The Gap: unexpected pregnancy and unwanted abortion. 

February 2022

By Rebecca Peters

A gap is a break or an unfilled space where something is missing. A gap exists for some women when they have an unexpected pregnancy, and it might not be what you think. 

Most people aren’t aware of this gap because so much of the conversation around unexpected pregnancy focuses on the opposing sides of pro-choice and pro-life values. The gap is not part of the debate; therefore, it is not mentioned and not seen. As a result, thousands of women have fallen into this unfilled space, their wounds covered by silence. Because if your wound is from something that isn’t even acknowledged or considered, how do you talk about it? 

The unspoken gap is unwanted abortion – an abortion that is “chosen” because of pressure or because the woman believes she has no other choice. 

Unwanted abortion has existed for hundreds of years. With all the advances in women’s rights and helping organizations, one would think that unwanted abortion would not be an issue anymore. Maybe that’s why many people don’t think about it. But it exists. For the teenager who is told by her parents that she must have an abortion, or she will be kicked out. For the young woman who is told by her partner that if she doesn’t have an abortion, he will leave. And for the hurting woman, who wants the pregnancy but is afraid to bring a baby into an unhealthy relationship or difficult situation. Unwanted abortion exists.  

One Canadian study reviewed 101 stories shared by women regarding their abortion experience and found that over two-thirds of the women were pressured or coerced into having their abortion;1 or, in the context of this blog, they fell into the gap. That stat is shocking.

I think we can agree – unwanted abortion should not exist. The good thing is – we can do something about it. In fact, pregnancy care centres already are.

The missing piece to fill the gap is a place that provides the information and support for women who think they must have an abortion because of the pressures, opinions, or circumstances they are facing. Pregnancy care centres are that place. They are positioned on the road of unexpected pregnancy. They give accurate information on all three options: abortion, adoption, and parenting. And they provide a safe place for anyone impacted by an unexpected pregnancy to talk about their situation, fears and pressures, relationships, and dreams that are being shaken. There is no pressure and no judgement at a pregnancy care centre. That’s hard to find these days.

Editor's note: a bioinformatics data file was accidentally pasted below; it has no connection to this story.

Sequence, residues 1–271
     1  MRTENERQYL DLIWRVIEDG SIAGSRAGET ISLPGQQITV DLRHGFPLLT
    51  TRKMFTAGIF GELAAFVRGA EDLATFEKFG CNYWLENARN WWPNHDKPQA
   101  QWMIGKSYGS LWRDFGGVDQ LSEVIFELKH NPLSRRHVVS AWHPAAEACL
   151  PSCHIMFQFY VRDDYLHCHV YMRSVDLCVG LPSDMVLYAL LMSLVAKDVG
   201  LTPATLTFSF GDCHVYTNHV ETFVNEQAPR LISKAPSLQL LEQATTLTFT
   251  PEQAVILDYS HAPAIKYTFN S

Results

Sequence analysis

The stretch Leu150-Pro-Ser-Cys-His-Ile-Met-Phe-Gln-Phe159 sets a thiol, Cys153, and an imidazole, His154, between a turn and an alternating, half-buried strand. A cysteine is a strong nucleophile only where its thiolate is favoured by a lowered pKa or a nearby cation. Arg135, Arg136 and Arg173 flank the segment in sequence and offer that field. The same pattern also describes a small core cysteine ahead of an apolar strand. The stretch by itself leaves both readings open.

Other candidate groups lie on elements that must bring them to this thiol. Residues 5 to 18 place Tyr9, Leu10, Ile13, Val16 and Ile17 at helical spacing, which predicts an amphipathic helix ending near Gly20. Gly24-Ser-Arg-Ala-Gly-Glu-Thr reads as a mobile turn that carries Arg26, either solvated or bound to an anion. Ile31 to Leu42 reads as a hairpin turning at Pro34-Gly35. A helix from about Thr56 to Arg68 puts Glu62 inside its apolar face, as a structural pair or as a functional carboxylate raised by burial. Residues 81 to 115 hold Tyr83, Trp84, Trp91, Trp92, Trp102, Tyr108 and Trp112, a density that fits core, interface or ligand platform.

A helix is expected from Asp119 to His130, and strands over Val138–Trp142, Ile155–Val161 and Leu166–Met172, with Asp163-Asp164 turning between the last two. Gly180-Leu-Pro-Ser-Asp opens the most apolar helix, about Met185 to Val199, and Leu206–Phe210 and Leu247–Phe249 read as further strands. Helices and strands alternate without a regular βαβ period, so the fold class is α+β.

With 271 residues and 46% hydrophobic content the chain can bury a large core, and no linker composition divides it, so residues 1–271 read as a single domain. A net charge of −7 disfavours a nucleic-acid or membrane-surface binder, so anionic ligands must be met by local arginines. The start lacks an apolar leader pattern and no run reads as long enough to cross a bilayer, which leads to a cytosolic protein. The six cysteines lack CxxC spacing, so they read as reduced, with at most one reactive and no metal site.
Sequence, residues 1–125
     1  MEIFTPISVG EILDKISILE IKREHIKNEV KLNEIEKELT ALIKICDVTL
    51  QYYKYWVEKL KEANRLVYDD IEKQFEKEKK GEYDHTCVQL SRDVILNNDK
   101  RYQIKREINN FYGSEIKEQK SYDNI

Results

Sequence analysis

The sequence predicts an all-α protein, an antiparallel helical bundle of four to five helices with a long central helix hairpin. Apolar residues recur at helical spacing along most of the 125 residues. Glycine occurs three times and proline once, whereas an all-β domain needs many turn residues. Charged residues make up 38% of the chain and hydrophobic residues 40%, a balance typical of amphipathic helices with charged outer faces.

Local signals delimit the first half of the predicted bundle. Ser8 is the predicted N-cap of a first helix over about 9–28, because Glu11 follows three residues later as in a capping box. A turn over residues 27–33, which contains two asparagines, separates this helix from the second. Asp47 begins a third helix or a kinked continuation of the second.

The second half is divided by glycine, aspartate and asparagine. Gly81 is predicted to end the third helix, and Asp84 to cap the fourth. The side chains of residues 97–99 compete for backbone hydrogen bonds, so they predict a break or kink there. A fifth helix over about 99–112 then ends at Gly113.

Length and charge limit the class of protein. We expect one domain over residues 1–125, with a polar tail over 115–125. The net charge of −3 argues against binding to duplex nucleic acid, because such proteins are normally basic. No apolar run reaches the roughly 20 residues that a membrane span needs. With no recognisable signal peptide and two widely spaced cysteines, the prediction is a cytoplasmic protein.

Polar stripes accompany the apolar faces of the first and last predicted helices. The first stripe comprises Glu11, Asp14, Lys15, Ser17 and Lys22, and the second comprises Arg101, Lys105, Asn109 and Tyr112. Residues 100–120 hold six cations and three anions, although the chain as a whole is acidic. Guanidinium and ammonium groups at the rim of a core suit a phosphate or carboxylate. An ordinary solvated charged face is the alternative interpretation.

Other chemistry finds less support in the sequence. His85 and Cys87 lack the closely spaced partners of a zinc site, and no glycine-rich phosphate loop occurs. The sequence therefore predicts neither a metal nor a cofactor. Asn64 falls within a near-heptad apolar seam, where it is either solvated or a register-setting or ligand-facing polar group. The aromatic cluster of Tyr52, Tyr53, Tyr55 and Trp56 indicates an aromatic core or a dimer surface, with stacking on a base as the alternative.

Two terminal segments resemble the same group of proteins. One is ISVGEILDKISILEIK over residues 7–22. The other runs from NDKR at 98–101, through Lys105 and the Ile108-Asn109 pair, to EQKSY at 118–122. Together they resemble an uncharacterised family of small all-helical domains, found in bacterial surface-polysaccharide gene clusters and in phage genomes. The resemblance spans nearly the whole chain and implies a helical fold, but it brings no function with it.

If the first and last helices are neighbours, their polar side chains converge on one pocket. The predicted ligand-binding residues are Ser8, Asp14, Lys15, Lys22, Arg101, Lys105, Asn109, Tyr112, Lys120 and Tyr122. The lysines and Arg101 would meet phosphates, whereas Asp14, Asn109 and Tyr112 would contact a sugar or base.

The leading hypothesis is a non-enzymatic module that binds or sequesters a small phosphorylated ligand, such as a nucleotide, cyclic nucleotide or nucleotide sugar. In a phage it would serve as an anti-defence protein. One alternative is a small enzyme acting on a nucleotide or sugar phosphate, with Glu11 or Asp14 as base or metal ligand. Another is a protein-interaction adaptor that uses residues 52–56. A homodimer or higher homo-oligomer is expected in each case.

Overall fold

Pregnancy care centres are also positioned on the road to help those women who have fallen in the gap. Centre personnel acknowledge the hidden wounds, and to the woman who has experienced an unwanted abortion, they say, “I see you. I hear you. And I am here to help.” What a gift that is. 

And yet that gift – of information, support, and compassion – is being attacked and challenged. Pregnancy care centres are caught in the crosshairs of the battle for women’s rights. This is ironic because pregnancy care centres are for women – especially for women who feel they don’t have a choice or are told they don’t have a choice. Pregnancy care centres are there for the women standing on the precipice of the gap.  

So what will you do now that you know this gap exists? Now that you know women are standing on the edge of this unfilled space, here are some action steps you can take:

We invite you to come alongside – both the women and the pregnancy care centres trying to help.  

Let’s agree on this one thing: unwanted abortion should not exist. Let’s do something about it. Together, let’s fill the gap. 

#fillthegap #unexpected pregnancy #unwantedabortion #pregnancycarecentres

1Broen AN, Moum T, Bödtker AS, Ekeberg O. Reasons for induced abortion and their relation to women’s emotional distress: a prospective, two-year follow-up study. Gen Hosp Psychiatry. 2005 Jan-Feb;27(1):36-43. doi: 10.1016/j.genhosppsych.2004.09.009. PMID: 15694217.

Lanfranchi A, Gentiles I, Ring-Cassidy E, Complications: Abortion’s Impact on Women, The deVeber Institute for Bioethics and Social Research, 2013, pp 306, 319.